Local View: Let new roundabout calm traffic, mark London Road neighborhood

From the column: "The scope of this proposed project was developed over the past year with significant public input."

Traffic is busy along London Road and Robinson Street in Duluth on Thursday, April 1, 2021. The Minnesota Department of Transportation is planning work on London Road from 25th to 60th avenues east starting in 2025. Katie Rohman / Duluth News Tribune

The proposed roundabout at London Road and 60th Avenue East has raised questions about whether pedestrians will be able to cross safely and whether it will negatively impact the adjacent park and historic UMD limnology lab. These are good questions, but they should be addressed in the context of the entire London Road corridor.

I have lived on or within a half block of London Road for more than 20 years, and I drive or bike on it multiple times every day. As a former city planner for Duluth, I can’t help but closely study the traffic. I also remember London Road in the 1970s when it was covered by a cathedral of mature elm trees, making it a beautiful residential neighborhood and a major asset to the city.

With the removal of the elms, increasing traffic volumes, and higher traffic speeds, the neighborhood is suffering today — not just visually but, more importantly, in terms of safety. The traffic volume is very high, similar to Central Entrance. But London Road is a residential neighborhood, not a commercial one like Central Entrance. Kids and elderly people, among others, should be able to cross the street safely. I know people who will not even attempt to cross it during normal hours when traffic is present.

Speed surveys show that in the 30 mph zone of London Road, 85% of traffic is traveling up to 40 mph and 15% faster than 40 mph. That’s more than one of every eight vehicles going more than 10 mph over the speed limit. Driving more than 10 mph over the speed limit wouldn’t be tolerated even on Interstate 35. The high volume of traffic, including many heavy commercial trucks, combined with these speeds is very dangerous.

The Minnesota Department of Transportation’s vision for our trunk highways is “to develop a balanced system that integrates all modes and uses (and) integrated planning and design to enable safe access for all users, including pedestrians, bicyclists, motorists and bus riders of all ages and abilities.” Following this vision, MnDOT’s proposed plan for London Road features new pedestrian crosswalks, sidewalks, and bike lanes. Also, three roundabouts at 26th, 40th and 60th avenues east are proposed as major traffic-calming features.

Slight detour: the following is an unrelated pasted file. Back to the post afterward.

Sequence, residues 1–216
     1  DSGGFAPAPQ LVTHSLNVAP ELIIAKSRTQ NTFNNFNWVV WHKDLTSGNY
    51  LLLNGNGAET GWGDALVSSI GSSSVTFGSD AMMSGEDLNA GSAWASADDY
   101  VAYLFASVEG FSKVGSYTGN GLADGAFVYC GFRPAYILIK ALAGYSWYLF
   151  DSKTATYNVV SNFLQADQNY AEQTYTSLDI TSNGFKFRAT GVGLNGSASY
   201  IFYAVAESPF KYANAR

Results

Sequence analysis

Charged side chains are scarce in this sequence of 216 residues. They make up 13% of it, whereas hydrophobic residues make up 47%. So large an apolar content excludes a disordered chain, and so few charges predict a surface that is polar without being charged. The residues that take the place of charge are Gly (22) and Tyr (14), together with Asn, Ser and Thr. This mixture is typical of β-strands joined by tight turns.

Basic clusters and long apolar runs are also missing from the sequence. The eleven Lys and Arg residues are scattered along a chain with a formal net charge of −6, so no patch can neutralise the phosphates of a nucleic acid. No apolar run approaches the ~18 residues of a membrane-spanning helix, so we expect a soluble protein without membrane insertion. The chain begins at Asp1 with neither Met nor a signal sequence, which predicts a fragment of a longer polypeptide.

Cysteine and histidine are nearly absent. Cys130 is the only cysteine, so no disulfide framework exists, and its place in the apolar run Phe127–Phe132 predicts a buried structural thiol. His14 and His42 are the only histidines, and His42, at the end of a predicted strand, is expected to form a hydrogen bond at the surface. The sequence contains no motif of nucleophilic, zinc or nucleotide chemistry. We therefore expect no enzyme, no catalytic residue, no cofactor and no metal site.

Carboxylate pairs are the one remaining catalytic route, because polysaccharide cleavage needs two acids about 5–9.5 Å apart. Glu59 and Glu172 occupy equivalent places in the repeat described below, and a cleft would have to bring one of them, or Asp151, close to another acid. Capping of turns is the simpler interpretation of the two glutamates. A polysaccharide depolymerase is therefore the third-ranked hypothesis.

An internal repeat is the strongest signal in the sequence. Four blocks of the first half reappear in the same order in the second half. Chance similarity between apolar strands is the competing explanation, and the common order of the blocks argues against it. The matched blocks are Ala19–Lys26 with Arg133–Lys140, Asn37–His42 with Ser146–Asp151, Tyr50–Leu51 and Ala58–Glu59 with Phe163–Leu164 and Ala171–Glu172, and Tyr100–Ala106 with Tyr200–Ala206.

Since we know that vehicles today travel over 40 mph there, what effect would the roundabouts have? Well, you’re not going to drive through a roundabout at 40 mph. By slowing down to 20 mph to 25 mph, traffic can be prepared to stop for pedestrians. MnDOT has demonstration videos of actual roundabouts in Minnesota showing that traffic will stop for pedestrians.

The alternative of installing a traffic signal at 60th Avenue East would completely stop traffic on a cycle but would not calm traffic. Further, it would cause traffic backups and frustrated motorists, making it an unacceptable solution. You only have to look at the current backups at the 40th Avenue East traffic signal to see this result.

A roundabout at 60th Avenue East would create an eastern gateway into the London Road residential neighborhood. A gateway is a demarcation for traffic coming from the high-speed freeway up the North Shore into a 30 mph residential area. Signage before the roundabout would notify drivers of the upcoming transition.

Since a roundabout is not a structure, but a space, it can be landscaped to further mark it as an entry to the London Road neighborhood. In that respect, it would create a positive impact on the adjacent park and University of Minnesota Duluth limnology lab with landscaping and green space in the center island.

The scope of this proposed project was developed over the past year with significant public input. Survey responses from more than 2,000 people, five public meetings, five special-interest meetings, and a notification list of nearly 2,000 names resulted in input from people throughout the corridor. Five community advisory committee meetings were open to everyone interested. This input has resulted in a plan to calm traffic for the entire corridor, making it a safer and better neighborhood in which to live.

The roundabout at 60th Avenue East is an integral feature of this plan and should remain as a gateway for the east end of the corridor.

Tom Cotruvo lives in Duluth near London Road, was a Duluth city planner from 1976 to 1983, and then was in business development until 2009.

Tom Cotruvo.jpg
Tom Cotruvo

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